While the current conflict between Pauly and Bach has led to Bach criticizing Paulyís character, he has been careful not to carve on the album itself because he knows it features some of the best work of his career. Case in point from our initial chat:
ďDude, we are creating some incredible music, thatís for sure,Ē says Bach. ďIím a little surprised by what Iím pulling off because I havenít worked with a producer since Bring ĎEm Bach Alive in í98, so what Henning is doing for me is teaching me how to do harmonies that Iím not capable of thinking up in my own head. When I was 15 playing in Kid Wikkid, my father begged me to go to Julliard to train. They knew about me as a singer, my dad had it all set up, but I just couldnít do it. Things were happening, so I didnít want to go to school. Now, with my voice and Henningís knowledge, heís teaching me about singing harmonies using sevenths and ninths, and to me when Iím singing them they sound wrong. I have to tell myself to trust him because Iím doing shit Iíve never done before, and when he plays it back itís un-fucking-real!Ē

ďItís so satisfying,Ē Bach says of the creative process for Frameshift. ďMy whole thing in life is to do new things, and that has to do with the fact Iím an Aries. I know thatís fucking silly, but every time I read about being an Aries it says we like to create new things, we get bored quick, and thatís true of me. Itís surprising to some people that Iím part of this, but if you listen to ĎIn An Empty Roomí youíll find itís not too out there for me. Everybody has this one image of me of being crazy, wild, getting into fights and shit, but Iím so fucking disciplined Iím boring (laughs). It doesnít matter how I feel; I come in and get the job done.Ē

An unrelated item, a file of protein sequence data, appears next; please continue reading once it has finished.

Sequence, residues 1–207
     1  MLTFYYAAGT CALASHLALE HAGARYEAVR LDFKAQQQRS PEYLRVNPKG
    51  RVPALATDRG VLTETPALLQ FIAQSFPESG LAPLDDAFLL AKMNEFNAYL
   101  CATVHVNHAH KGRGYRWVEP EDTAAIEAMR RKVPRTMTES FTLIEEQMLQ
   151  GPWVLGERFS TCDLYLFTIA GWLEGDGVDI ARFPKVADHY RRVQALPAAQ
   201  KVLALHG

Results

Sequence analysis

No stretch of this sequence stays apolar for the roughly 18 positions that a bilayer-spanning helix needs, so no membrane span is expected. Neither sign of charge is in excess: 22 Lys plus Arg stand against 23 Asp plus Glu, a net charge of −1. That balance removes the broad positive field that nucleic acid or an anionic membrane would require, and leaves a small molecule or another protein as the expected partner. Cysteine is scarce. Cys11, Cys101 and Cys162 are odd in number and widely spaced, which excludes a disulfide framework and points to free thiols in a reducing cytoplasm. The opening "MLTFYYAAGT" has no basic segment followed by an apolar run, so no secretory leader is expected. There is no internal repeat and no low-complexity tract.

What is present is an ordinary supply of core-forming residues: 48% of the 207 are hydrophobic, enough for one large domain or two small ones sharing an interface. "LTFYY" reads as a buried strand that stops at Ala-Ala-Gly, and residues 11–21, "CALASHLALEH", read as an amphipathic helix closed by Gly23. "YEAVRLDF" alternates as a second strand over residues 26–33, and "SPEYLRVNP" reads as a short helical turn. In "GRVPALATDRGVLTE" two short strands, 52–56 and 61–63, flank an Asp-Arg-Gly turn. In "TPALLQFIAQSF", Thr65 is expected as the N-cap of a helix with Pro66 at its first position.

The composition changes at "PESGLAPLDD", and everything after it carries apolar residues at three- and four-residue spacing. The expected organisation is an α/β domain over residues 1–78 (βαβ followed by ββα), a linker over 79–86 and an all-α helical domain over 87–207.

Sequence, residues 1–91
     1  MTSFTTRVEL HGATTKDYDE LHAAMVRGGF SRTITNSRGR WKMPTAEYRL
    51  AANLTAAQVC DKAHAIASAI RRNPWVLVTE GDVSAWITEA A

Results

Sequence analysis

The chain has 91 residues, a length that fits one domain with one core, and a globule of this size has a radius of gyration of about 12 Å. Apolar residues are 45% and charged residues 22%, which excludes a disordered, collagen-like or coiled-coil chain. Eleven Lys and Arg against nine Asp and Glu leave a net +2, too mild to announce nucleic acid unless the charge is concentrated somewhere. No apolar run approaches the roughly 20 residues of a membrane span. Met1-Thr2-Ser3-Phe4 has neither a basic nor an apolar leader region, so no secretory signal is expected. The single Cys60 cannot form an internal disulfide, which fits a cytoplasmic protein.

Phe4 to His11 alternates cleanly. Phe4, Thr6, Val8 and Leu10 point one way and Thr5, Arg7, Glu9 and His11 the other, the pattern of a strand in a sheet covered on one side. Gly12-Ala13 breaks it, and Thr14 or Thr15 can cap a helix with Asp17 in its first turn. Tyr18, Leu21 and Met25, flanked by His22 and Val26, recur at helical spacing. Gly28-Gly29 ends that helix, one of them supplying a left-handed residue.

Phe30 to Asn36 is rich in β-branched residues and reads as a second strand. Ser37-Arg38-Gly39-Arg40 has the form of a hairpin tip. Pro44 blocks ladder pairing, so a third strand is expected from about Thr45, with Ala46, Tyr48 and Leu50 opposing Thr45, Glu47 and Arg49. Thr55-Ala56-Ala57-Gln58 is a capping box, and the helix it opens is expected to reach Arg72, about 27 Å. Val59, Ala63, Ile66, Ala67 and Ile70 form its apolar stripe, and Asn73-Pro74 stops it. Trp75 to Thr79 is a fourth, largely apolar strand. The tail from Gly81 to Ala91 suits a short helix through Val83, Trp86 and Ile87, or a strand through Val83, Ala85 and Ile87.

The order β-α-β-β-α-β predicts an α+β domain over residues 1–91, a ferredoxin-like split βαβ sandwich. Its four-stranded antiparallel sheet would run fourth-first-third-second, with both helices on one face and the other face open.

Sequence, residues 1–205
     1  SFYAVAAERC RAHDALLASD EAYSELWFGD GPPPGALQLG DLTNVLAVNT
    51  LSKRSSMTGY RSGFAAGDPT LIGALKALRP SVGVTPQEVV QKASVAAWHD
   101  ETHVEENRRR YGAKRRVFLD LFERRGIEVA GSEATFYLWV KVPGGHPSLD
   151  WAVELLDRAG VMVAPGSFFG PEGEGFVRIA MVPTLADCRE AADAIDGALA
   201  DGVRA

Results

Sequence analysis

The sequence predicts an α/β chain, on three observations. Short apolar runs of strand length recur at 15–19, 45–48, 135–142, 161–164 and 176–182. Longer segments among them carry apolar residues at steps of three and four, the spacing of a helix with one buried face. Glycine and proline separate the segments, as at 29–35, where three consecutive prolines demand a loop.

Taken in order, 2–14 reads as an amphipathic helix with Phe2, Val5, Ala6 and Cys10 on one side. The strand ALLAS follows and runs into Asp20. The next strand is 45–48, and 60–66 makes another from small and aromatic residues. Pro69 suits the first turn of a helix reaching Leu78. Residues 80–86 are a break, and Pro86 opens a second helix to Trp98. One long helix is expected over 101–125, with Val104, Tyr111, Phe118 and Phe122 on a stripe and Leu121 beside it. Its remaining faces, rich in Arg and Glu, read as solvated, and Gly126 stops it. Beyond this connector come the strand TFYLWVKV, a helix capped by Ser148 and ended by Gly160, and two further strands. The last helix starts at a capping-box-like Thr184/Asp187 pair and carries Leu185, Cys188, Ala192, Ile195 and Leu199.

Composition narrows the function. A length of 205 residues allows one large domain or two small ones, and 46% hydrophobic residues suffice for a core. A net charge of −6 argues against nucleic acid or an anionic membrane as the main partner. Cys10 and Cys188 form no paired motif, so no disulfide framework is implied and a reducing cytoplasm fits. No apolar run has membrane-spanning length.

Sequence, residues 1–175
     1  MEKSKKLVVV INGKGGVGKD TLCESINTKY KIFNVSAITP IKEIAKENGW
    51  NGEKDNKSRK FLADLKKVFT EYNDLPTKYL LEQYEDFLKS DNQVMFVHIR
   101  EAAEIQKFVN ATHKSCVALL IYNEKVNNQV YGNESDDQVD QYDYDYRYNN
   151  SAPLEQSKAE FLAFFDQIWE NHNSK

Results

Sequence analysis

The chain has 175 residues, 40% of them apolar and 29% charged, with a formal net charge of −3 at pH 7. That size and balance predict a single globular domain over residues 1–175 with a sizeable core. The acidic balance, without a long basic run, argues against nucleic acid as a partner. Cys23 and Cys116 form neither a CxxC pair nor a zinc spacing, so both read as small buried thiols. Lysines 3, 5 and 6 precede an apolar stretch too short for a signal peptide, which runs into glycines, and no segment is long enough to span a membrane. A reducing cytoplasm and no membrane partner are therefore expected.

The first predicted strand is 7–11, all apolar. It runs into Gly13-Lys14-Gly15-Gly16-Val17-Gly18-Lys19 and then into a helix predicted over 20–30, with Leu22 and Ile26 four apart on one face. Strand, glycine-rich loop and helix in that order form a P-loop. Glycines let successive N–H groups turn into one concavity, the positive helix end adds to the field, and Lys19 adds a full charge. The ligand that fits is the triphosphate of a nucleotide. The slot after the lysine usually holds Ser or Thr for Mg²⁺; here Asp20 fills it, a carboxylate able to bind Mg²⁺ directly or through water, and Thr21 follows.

Bachís reasons for agreeing to do An Absence Of Empathy?

ďOne thing I would hope people would understand about my career after so many years is youíve got to expect the unexpected,Ē says Bach. ďThatís my whole modus operandi. If an interesting idea comes my way, thatís the one Iím gonna pick. I always get asked, ĎAre you going to reunite with Skid Row?í, and the next comment is, ĎEveryone else is doing it.í Well, thatís the fucking reason I donít. Iím a fucking rebel to the core, dude, and I donít understand when people say ĎMotley Crue is getting back together; why donít you?í Iím not in fucking Motley Crue! That pack mentality makes me insane! I donít have that, I just donít. Iíve got to satisfy myself as an artist. I have to break new ground or itís boring. I need to make music that Iím proud of, and Frameshift is it.Ē

Coming full circle, both Pauly and Bach stand by the album but not one another. A request for a follow-up interview with Bach went unheeded, but Pauly offered the following: ďLegally there is nothing happening. The songs will be registered with ASCAP and they will rule over the credits. This is NOT about money, but about ego, and Sebastian has more than a healthy dose of that. He loves the album and wishes he had written it, it hurts him personally that an elementary school teacher (Matt Cash) and a dude that no one knows wrote it and he could just sing it. He wants it to look as if it's his solo album, which it is NOT. Legally, he can have all the airplay royalties; I don't care. This will not go to court. The worst that will happen is that ASCAP will have to rule. The whole dispute is over less than $200, which ridiculous considering how little money we are talking about, but that's what Sebastian doesn't understand... among other things.Ē